I always get a little nervous meeting authors. Especially women authors who write books for and about women. Like rocket science, the subject of women is Greek to me. Or something.
Anyway, Susan Van Allen (pictured on the left) and Martha and I went to lunch at a joint in Pisa’s cute little market square, a space near and dear to my heart. Trattoria Vineria di Piazza was first-rate, one of those places that serves good food at great prices. No big chefs doing surprising things with newt eyes. Carafes of wine plunked down on the table with a total disregard for your religious admiration of its fleshy grape-ness. A jocular clientele.
You order off the stuff they’ve scrawled on a chalkboard. Martha and I started with pasta with lamb. Ms. Van Allen had pasta with a kind of fish none of us had ever heard of.
We drank a half liter of wine. Red.
Then we had seconds. Not seconds of pasta as you’d have in the United States, but second plates, fish or meat as one does in Italy. The women had the persico, perch, and I had a fantastic wild boar stewed with olives.
Another half liter of wine came to the table and disappeared. Funny.
It turns out the contorni were the best of all. Yummy artichokes (we believe they came from Sardinia because the market is suddenly loaded with carchofi from there, but this is an unsubstantiated assertion), and the garlicky erbette were great.
Then the check came.
As we all fumbled around for money, Ms. Van Allen, Susan by this time, said she’d pay. We’d be responsible for the coffee and cakes which we’d get at this super cool place down the street she’d take us to. So, you see, we had this little verbal contract going.
But…the place was closed. So we went to a hotel. I wrote a review of it.
The Royal Victoria Hotel is the only hotel in Pisa right on the banks of the Arno. It’s darned historic, I mean its spine is a 10th century tower and some interesting rooms are right inside. The lobby has sitting rooms to die for. You’d think it would be a five star hotel. But no, it’s only three stars, and way less expensive than you’d think. And the people who run it are very, very nice.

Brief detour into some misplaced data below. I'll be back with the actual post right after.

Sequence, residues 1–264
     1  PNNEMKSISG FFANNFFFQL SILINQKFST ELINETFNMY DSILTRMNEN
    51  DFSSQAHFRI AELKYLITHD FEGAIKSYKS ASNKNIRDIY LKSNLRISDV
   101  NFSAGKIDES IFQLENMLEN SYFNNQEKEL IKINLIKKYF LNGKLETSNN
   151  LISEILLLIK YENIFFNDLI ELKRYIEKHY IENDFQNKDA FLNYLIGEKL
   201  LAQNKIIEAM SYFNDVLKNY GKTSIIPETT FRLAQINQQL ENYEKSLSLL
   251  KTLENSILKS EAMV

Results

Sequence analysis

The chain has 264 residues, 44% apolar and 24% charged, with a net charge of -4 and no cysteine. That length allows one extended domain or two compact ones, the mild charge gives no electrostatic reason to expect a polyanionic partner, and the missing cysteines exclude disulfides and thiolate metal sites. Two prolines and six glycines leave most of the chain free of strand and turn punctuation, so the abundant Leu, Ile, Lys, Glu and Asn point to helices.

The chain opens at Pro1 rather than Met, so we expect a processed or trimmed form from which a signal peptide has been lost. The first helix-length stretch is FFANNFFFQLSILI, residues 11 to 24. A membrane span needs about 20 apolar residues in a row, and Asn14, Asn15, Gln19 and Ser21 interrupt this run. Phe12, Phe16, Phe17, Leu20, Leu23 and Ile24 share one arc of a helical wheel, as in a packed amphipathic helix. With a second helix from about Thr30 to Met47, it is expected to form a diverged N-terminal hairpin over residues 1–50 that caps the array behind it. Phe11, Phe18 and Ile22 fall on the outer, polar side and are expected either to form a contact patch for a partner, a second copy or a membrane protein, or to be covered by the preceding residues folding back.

They showed us some rooms. Wow. Then they asked us if we’d like a drink. A coffee would be nice.
So maybe you see where this is going. The coffee was on the house, which means my contract with Susan Van Allen wasn’t fulfilled.
Susan Van Allen has relatives in southern Italy. She told us. I’m thinking one has gotta be named Vito and everyone named Vito must have just a tiny tinge of meanness to him. I’m thinking if Vito hears I broke a contract with Ms. Van Allen, I’m toast. Now you know where this is going.
So, I beg you, buy a copy or five of 100 places in Italy Every Woman Should Go. I’m thinking that if I can prove I did something nice for Susan Van Allen’s book sales, the veins in Vito’s temples will cease to throb and pulsate wildly, and he will put down his thoughts of leaving a draft animal on my Serta Perfect Sleeper.
Please, I beg of you. Don’t let Vito start hacking away on Trigger.